Advances in Imaging Modality: Ultrasound Guided Percutaneous Transluminal Angioplasty

The gold standard imaging modality for performing percutaneous transluminal angioplasty of the blood vessels has been fluoroscopy and digital subtraction angiography. Some of the drawbacks of this modality are: 1- Exposure to radiation; 2- Exposure to iodinated contrast agents; 3- Fluoroscopic imaging hardware. Advances in ultrasonography have provided an alternate option for performing percutaneous transluminal angioplasty (PTA). In 1996, Wittenberg et al. described the technical aspects of using color coded duplex sonography to guide peripheral interventions in dialysis shunts [42]. Duplex guidance has been used for interventions in peripheral arteries and even internal carotid arteries [43-45]. In 2007, the group from Maimonides Medical Center in Brooklyn, NY reported performance of angioplasty on 10 dialysis access (9 fistulae and 1 graft) including placement of an endovascular stent for elastic recoil [46]. Two years later, the same authors reported data on 25 patients with 32 office based duplex guided angioplasties of autologous fistulae [47]. 27 of the 32 procedures were performed on failure to mature fistula. All procedures were completed without the need for fluoroscopic guidance with only two patients experiencing significant complications. They also reported a 4.32 times more revenue from using the duplex guidance in comparison with hospital based fluoroscopic guidance. As they used only the professional component of the hospital based fluoroscopic procedures for this comparison, the data on real cost savings in comparison with office based fluoroscopic procedure is lacking.

In 2010, Fox et al. reported the outcomes in 223 office based duplex guided dialysis access angioplasty procedures [48]. This study excluded patients with possible central venous stenosis and measured changes in volume flow together with changes in luminal diameter. With the use of ultrasound guided local infiltration of lidocaine, conscious sedation was avoided and hence the associated need for trained personnel, sedation risk and post procedure recovery issues. 98% of procedures (n=219) achieved technical success with 9% of the patients (n=21) developing minor complications. Although this study reported high technical success along with low complication rates, it lacked pre-defined clinical end points i.e. long term patency rates.

Recently, Wakabayashi et al. reported from Japan results from 4869 ultrasound guided percutaneous transluminal angioplasties in more than one thousand patients over a 7 year period [49]. Along with peripheral vessels, they used a microconvex transducer probe to visualize subclavian and brachiocephalic veins through the intercostals space. Unlike prior studies thrombo-aspiration was also performed under ultrasound guidance for thrombosed accesses. Overall technical success was achieved in 97% (4731 out of 4869) with equivalent success in thrombosed procedures (443 out of 455). Though fluoroscopic guidance was used for bailout during the earlier phase of the study period, procedures were done completely under ultrasound guidance last two years of the study period. The overall one month patency rate was 94% with thrombosed cases also having a patency rate of 91% at 30 days. Major complications requiring surgical interventions were very small (n=12).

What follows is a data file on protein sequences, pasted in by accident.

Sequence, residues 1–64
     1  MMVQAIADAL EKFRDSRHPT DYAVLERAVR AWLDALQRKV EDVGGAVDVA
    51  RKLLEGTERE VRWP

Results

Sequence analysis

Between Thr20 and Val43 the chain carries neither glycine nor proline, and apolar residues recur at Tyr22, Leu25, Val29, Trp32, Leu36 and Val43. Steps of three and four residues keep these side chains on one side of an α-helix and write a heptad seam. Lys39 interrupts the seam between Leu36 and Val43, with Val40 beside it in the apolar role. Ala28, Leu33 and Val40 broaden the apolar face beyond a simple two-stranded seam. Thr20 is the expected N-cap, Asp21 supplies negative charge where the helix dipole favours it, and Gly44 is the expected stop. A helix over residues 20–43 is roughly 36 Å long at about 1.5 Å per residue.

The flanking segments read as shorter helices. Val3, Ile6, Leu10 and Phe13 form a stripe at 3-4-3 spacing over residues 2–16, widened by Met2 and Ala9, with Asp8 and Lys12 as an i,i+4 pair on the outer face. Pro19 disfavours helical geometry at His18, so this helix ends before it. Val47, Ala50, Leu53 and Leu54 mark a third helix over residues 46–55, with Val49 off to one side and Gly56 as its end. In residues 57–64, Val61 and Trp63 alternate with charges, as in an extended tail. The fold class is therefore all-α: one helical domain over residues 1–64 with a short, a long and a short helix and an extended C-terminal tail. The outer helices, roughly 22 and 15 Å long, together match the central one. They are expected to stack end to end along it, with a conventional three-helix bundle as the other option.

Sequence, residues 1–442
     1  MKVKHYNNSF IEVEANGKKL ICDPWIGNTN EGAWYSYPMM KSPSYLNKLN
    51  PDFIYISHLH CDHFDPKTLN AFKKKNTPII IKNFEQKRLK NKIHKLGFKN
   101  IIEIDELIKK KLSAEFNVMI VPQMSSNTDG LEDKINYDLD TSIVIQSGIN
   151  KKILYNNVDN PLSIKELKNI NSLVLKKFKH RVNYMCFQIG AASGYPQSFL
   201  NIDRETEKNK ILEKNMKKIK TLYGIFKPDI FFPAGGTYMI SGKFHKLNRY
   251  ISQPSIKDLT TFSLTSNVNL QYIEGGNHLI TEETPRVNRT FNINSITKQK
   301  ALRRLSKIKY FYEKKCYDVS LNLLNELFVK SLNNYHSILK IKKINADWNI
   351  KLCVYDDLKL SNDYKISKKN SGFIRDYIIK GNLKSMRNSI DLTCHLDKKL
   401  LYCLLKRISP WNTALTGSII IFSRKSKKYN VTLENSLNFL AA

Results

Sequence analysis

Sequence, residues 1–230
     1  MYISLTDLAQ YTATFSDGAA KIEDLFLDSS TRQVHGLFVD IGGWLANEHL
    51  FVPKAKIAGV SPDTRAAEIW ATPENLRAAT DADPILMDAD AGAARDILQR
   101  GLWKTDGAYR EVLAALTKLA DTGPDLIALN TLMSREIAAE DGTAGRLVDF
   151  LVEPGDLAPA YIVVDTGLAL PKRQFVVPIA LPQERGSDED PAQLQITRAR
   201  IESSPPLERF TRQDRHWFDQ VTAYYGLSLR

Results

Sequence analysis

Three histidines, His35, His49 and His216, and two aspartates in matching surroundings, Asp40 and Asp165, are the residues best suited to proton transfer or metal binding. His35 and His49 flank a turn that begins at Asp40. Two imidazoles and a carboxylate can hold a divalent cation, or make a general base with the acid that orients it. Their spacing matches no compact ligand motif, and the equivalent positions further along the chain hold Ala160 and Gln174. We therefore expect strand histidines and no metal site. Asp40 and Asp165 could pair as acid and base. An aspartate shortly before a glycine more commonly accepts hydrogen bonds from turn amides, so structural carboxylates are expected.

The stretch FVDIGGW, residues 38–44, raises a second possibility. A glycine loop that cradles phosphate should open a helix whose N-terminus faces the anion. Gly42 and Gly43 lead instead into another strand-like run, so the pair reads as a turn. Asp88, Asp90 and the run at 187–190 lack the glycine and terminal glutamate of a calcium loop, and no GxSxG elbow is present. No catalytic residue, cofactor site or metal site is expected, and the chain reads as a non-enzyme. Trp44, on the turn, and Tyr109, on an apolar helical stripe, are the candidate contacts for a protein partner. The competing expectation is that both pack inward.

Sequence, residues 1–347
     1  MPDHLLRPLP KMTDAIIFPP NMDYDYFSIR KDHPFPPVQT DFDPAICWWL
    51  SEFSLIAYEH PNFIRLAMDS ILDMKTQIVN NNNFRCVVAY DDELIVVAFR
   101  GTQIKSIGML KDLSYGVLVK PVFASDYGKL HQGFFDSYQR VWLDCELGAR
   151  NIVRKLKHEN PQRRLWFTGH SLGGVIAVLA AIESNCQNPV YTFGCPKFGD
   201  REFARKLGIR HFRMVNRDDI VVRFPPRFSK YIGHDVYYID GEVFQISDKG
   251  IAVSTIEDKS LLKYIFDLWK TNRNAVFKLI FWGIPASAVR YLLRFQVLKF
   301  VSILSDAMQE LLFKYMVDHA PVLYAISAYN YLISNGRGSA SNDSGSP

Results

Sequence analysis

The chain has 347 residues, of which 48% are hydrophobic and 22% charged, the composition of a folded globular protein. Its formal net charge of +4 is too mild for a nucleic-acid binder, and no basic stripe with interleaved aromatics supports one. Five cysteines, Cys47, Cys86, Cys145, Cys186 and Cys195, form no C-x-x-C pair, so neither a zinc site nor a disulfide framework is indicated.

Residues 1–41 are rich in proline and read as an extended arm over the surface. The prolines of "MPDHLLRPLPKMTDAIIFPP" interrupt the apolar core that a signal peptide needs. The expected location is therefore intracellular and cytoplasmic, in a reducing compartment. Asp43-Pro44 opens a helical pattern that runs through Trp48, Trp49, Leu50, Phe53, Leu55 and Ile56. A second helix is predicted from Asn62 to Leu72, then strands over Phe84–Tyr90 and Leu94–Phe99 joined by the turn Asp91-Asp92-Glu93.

These early studies utilizing ultrasound guidance for PTA have reported the technical and safety details under various clinical scenarios including thrombosed access. The advantages of ultrasound guidance include lack of radiation exposure for both patient and healthcare associates, no requirement of the more expensive fluoroscopic hardware, less digital footprint and possible development in the future of performing the procedures in the dialysis chair. There is a perceived economic advantage of this guidance compared with hospital based fluoroscopic studies but true cost comparison with office based fluoroscopic studies is still warranted. The need for a trained vascular technologist to be part of the procedure is a disadvantage and might mitigate the some of the positives associated with this guidance. In addition, the inability to visualize central venous system may be a limitation for this guidance and makes the case for long term patency studies in comparison with fluoroscopic guidance to be done to assess its impact. Though promising, studies evaluating ultrasound guided percutaneous procedure outcomes in relation to type and position of the dialysis access also are sorely warranted before this can become the modality of choice.

Genetics in Vascular Access Care

If endovascular changes like neo-intimal hyperplasia can be avoided or altered, then subsequent luminal narrowing and access dysfunction can be minimized. This logical approach has lead to many attempts at modifying or mitigating the endovascular changes.